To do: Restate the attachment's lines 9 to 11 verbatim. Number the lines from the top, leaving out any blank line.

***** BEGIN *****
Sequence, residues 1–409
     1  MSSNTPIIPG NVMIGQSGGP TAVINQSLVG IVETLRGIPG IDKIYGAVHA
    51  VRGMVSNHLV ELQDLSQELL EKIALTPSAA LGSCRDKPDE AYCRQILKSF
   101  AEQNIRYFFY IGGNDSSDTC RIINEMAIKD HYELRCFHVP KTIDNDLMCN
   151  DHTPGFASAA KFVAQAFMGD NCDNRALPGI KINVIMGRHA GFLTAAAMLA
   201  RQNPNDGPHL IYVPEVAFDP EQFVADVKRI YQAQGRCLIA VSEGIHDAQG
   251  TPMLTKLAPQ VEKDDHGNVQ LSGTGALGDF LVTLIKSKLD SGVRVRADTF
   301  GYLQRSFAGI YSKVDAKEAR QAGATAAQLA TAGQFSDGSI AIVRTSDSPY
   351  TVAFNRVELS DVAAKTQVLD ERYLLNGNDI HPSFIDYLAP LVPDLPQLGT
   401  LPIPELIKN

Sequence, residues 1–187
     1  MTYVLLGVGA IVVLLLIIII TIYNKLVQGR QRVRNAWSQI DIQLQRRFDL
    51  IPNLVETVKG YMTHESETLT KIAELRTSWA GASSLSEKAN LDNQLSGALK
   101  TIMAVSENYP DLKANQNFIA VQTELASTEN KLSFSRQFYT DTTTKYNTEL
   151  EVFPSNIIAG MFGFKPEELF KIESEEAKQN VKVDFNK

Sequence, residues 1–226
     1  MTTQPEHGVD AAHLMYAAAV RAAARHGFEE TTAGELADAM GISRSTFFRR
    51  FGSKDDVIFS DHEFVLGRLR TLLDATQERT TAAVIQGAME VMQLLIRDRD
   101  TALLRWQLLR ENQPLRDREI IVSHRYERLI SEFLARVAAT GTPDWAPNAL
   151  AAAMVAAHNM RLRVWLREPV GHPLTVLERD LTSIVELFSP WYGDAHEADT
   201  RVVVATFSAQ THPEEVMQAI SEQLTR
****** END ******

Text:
   351  TVAFNRVELS DVAAKTQVLD ERYLLNGNDI HPSFIDYLAP LVPDLPQLGT
   401  LPIPELIKN

Sequence, residues 1–187